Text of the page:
Genesis 15:19-21 “For Abram God’s message was clear: in spite of the prospects of death and suffering (enslavement in bondage in Egypt), his descendants would receive the promises, for God assured it. So Israel could be encouraged by this at the Exodus as well as in subsequent times of distress, even during the Babylonian Captivity. God’s solemn covenant assures the Chosen People of the ultimate fulfillment of His promises in spite of their times of death and suffering.” (Walvoord, Bible Knowledge Commentary, p. 56)
Genesis 15:19-21 “Israel would also notice the parallel touch at the beginning of this narrative: “I am the LORD [Yahweh] who brought you out of Ur of the Chaldees” (Genesis 15:7) with “I am the LORD [Yahweh] who brought you out of Egypt.” (Exodus 20:2) This assured Israel that in spite of opposition and bondage God would judge their enslavers and fulfill His promises
Genesis 15:19-21 Q: What about New Testament Christians? “This passage encourages New Testament believers as well. God affirms solemnly that He will fulfill His promises concerning salvation and all the blessings that pertain to that life (cf. 2 Peter 1:3-4); despite opposition, suffering, and even death, He keeps His promises” (Walvoord, BKC, p. 56)
Genesis 15:19-21 Q: How do we apply our study of the Book of Genesis? Keep God, not just the people, in mind as you read through the book. Consider His character qualities. Marvel at God’s power over creation. Marvel at His anger over sin? Marvel over the way He fulfilled His promises? Worship the Lord who is strong, faithful, and just. His desire to bless His creation will one day be fully realized.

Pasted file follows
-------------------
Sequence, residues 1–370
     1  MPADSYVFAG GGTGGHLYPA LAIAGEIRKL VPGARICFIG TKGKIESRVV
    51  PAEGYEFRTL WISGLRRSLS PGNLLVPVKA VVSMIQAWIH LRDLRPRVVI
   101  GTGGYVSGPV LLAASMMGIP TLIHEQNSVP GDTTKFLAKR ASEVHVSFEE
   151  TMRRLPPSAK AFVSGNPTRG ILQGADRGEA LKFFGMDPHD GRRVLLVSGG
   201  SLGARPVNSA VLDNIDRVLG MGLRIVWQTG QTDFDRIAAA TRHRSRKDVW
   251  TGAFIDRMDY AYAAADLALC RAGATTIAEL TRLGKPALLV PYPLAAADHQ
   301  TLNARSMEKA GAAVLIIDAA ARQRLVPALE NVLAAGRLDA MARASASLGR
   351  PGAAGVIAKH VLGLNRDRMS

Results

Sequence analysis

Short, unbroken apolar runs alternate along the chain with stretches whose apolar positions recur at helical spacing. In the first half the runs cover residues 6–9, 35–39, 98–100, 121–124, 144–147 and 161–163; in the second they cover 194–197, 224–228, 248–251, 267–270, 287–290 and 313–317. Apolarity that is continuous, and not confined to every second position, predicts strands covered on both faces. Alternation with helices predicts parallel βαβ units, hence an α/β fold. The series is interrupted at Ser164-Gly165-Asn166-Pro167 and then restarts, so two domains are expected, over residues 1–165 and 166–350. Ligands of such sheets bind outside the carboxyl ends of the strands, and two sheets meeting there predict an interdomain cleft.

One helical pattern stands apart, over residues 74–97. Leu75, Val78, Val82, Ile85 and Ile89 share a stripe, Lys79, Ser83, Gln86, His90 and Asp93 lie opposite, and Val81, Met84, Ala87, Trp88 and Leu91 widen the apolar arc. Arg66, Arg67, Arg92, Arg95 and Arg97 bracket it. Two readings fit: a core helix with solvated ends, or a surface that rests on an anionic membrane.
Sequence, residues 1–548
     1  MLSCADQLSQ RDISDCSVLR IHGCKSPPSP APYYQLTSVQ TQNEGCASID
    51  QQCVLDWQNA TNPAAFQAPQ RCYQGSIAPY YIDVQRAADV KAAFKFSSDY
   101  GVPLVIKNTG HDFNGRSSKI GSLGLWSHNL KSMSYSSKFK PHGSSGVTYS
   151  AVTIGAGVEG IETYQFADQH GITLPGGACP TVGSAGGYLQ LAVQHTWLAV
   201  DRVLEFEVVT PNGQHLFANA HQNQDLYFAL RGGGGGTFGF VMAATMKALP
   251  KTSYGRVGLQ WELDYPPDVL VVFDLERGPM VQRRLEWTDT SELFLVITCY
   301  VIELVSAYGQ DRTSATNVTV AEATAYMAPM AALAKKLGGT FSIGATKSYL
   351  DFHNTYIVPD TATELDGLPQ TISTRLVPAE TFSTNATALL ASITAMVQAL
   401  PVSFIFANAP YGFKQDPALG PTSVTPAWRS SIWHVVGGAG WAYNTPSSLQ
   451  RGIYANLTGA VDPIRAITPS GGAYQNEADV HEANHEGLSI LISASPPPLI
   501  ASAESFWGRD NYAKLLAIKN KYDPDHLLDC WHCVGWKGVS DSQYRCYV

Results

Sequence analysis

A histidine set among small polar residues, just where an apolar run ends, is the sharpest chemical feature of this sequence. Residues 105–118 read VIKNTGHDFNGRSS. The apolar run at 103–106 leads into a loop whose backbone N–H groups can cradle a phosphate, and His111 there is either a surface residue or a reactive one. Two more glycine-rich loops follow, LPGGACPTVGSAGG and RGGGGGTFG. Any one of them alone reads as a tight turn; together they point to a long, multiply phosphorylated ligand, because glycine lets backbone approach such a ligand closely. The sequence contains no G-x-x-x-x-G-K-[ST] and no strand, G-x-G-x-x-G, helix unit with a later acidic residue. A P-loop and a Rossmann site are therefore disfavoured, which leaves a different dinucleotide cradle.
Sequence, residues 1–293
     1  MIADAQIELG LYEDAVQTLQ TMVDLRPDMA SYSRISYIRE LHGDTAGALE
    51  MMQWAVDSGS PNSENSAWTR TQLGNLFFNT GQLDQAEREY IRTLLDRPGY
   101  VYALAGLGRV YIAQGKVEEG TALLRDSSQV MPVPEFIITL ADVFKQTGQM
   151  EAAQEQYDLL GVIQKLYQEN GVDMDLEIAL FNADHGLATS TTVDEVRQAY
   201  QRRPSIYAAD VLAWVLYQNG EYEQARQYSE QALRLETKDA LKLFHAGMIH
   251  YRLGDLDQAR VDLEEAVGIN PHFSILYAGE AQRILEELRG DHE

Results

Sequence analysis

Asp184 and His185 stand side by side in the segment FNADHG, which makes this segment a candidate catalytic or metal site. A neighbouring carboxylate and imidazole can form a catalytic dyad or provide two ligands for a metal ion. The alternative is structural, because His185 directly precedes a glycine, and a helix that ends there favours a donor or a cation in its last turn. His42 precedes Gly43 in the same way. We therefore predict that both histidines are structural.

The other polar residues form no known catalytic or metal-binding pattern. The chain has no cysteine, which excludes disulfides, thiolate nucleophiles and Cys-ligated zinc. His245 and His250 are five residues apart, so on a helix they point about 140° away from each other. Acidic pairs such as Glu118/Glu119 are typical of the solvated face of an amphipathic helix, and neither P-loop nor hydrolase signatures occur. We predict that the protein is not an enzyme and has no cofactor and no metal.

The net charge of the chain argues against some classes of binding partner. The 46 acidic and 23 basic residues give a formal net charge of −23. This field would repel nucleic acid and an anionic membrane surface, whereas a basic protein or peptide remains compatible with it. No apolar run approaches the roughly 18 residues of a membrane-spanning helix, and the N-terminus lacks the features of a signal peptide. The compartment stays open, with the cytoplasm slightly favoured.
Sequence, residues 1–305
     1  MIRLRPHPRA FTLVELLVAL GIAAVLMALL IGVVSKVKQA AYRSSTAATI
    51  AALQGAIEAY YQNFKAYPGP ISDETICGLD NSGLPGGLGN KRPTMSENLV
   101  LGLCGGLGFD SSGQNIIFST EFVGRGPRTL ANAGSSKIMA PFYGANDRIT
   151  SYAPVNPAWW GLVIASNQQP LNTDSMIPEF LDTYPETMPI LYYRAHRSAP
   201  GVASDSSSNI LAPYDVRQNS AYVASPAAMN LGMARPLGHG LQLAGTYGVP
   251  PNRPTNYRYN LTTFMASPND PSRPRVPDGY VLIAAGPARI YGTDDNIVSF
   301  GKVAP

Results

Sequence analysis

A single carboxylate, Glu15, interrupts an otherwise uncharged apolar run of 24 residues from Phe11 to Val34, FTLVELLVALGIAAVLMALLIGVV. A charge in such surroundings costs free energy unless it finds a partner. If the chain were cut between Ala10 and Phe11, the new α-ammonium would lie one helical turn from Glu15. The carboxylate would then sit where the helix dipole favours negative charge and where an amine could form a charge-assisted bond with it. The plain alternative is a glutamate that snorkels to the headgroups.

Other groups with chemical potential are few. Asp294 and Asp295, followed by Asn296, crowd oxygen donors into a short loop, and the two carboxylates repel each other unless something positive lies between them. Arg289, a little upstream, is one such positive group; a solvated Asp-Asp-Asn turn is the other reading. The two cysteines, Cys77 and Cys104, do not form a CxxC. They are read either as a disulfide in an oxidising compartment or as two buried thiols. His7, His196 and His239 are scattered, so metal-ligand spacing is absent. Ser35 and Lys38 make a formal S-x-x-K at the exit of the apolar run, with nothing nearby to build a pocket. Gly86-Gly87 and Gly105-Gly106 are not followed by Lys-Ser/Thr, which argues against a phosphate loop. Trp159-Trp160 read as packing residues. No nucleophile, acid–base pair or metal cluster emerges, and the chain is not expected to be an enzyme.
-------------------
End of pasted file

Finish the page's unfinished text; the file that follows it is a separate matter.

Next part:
Genesis 16:1—22:19 Abraham’s Faith is Developed Through Testing
Genesis 16-22 Some things we cannot feel to be true until we believe them to be true, and act as if they are true How can faith be faith if it has no difficulties to contend with or surmount? Genesis 16-18:19: No baby! Ishmael; Isaac Genesis 18:20 – 19: The stench of Sodom & judgment Genesis 20-21 – Abraham fails in his faith; ‘she’s my sister’ Genesis 22 – Abraham’s faith is realized
Genesis 16-22 “This cycle of narratives presents the struggle Abram the patriarch underwent while he was waiting for God’s promises to be fulfilled. At times he stumbled, but eventually his faith was proved. As Abram’s faith was developed and tested, delay was seen in the fulfilling of God’s promise. In moments of weakness there are suggestions of alternative plans--- plans not characterized by faith. Human efforts to assist in the fulfilling of divine promises complicated the matter. Later Israel too would learn that when she tried to do things without God, those things would get complicated” (Walvoord, BKC, p. 56)